Real GDP Tracker and the impact of Hurricane Harvey
As of 28 August 2017, IHS Markit estimates that real US GDP will increase at a 3.5% annual rate in the third quarter. This rate exceeds the prediction in our latest US macro forecast, released on 10 August. Our outlook has been revised upward due to a number of factors and data releases. The second-quarter advance quarterly services survey showed robust revenues for services industries in the second quarter, while weaker-than-expected consumer price growth in July means that consumer spending will likely get a lift. There was also good news on the housing front, as more construction than expected began on single-family homes. But the biggest news came from the July retail sales report, which was unqualifiedly strong as consumers came out swinging. In short, incoming data suggests a strong rate of growth in the third quarter of 2017 - perhaps the best since mid-2014. The second quarter is looking stronger than before, too; our current thinking on the second estimate of real GDP growth in the second quarter is that an upward revision to 3.1% is likely. Meanwhile, our forecast for real consumer spending growth currently stands at a 3.0% rate for the third quarter - also a hike from the 2.6% rate in our August forecast.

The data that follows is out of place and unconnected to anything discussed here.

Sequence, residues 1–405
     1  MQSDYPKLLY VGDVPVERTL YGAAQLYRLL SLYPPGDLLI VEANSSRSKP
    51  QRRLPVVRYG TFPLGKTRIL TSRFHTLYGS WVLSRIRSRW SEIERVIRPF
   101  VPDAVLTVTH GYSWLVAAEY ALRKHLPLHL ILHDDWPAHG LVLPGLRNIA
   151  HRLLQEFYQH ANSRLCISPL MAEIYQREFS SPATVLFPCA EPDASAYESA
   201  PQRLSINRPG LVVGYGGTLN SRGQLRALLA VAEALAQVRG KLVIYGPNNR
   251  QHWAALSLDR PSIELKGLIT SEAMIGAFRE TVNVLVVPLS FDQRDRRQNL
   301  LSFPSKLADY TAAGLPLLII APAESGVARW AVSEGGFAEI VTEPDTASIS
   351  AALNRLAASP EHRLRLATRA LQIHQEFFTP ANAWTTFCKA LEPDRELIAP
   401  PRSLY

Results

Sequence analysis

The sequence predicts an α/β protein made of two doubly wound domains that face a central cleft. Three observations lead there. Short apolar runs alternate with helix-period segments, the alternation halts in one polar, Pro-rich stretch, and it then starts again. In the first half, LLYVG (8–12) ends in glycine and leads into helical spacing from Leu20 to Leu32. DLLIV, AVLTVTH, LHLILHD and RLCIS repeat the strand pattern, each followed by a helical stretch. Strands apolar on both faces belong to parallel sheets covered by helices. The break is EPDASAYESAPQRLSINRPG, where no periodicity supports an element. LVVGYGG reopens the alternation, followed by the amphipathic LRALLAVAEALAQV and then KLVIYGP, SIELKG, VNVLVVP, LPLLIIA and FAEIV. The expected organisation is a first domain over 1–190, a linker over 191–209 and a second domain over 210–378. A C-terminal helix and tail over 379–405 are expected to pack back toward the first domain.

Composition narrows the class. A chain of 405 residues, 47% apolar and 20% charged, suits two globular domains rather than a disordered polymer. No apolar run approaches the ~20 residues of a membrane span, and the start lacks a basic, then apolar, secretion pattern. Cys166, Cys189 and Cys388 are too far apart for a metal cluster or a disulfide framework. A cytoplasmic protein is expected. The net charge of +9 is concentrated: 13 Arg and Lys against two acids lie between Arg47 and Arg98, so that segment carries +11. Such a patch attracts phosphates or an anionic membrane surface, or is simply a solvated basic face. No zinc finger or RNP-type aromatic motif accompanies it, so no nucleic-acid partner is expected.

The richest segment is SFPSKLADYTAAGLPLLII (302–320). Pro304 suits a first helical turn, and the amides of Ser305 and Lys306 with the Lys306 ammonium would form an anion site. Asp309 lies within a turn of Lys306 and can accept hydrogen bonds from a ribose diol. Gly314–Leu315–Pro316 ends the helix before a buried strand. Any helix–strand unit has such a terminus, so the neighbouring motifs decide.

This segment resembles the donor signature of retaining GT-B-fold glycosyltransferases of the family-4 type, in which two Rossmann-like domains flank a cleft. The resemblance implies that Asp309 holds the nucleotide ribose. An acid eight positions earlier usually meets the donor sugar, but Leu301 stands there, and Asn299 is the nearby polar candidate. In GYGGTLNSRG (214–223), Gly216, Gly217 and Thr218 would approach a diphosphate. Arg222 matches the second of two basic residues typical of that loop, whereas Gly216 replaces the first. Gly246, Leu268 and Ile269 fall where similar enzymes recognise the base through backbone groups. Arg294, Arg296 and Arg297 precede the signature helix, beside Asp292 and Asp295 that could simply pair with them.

These estimates did not include any impact from Hurricane Harvey, which made landfall in Texas on 25 August. The storm has already demolished records for rainfall over the Houston area. Although we are still assessing the economic impact, the hurricane's toll on third-quarter economic growth is not likely to be enormous. While locally devastating, the geographic impact of the flooding has been fairly concentrated. Second, GDP - the yardstick used to measure growth - measures production, not destruction. Hurricanes discourage some types of production; people cannot work during a storm and its aftermath, for example. But homes will need to be rebuilt or repaired after the storm, which will add to GDP. While the disaster undoubtedly will mean major disruption to the lives of many Americans, the nation as a whole is still likely to enjoy a robust quarter of economic growth.
Chris G. Christopher, Jr. is the Executive Director of US Macro, Global Economics, and Consumer Markets for IHS Markit.
Posted 29 August 2017